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Resource Radicals: From Petro-Nationalism to Post-Extractivism in Ecuador

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A discussion based on Riofrancos' latest book, focusing on social mobilisations around natural resources, popular empowerment and democracy

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In 2007, the left came to power in Ecuador. In the years that followed, the “twenty-first-century socialist” government and a coalition of grassroots activists came to blows over the extraction of natural resources. Each side declared the other a perversion of leftism and the principles of socioeconomic equality, popular empowerment, and anti-imperialism. In her book, Resource Radicals, Thea Riofrancos unpacks the conflict between these two leftisms: on the one hand, the administration's resource nationalism and focus on economic development; and on the other, the anti-extractivism of grassroots activists who condemned the government's disregard for nature and indigenous communities. In this archival and ethnographic study, Riofrancos expands the study of resource politics by decentering state resource policy and locating it in a field of political struggle populated by actors with conflicting visions of resource extraction. She demonstrates how Ecuador's commodity-dependent economy and history of indigenous uprisings offer a unique opportunity to understand development, democracy, and the ecological foundations of global capitalism.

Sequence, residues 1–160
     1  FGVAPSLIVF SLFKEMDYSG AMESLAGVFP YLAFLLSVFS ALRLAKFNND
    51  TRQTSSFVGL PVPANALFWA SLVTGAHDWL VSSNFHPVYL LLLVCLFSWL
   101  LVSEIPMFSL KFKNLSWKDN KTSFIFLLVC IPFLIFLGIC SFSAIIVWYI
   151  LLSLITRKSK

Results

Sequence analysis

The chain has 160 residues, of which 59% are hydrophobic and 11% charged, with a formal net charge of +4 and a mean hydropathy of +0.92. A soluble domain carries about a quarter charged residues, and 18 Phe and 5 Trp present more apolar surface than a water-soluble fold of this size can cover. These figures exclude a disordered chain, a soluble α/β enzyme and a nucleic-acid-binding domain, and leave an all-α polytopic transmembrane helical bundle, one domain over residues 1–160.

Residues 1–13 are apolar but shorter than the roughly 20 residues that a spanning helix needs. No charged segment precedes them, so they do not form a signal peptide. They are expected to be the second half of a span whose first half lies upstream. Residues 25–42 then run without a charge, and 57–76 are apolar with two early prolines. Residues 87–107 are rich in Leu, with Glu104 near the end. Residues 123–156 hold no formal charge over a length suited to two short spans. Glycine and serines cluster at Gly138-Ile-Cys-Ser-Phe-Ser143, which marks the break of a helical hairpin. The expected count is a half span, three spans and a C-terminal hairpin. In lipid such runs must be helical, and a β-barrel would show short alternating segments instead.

Dr Cristina Flesher Fominaya (Loughborough University) will act as discussant/respondent for the event.

About the presenter: Thea Riofrancos is an assistant professor of political science at Providence College, an Andrew Carnegie Fellow (2020-2022), and a Radcliffe Institute Fellow (2020-2021). Her research focuses on resource extraction, renewable energy, climate change, green technology, social movements, and the left in Latin America. These themes are explored in her book, Resource Radicals: From Petro-Nationalism to Post-Extractivism in Ecuador (Duke University Press, 2020) and her co-authored book, A Planet to Win: Why We Need a Green New Deal (Verso Books, 2019).

This event is hosted by the Populism Research Group at Loughborough University.

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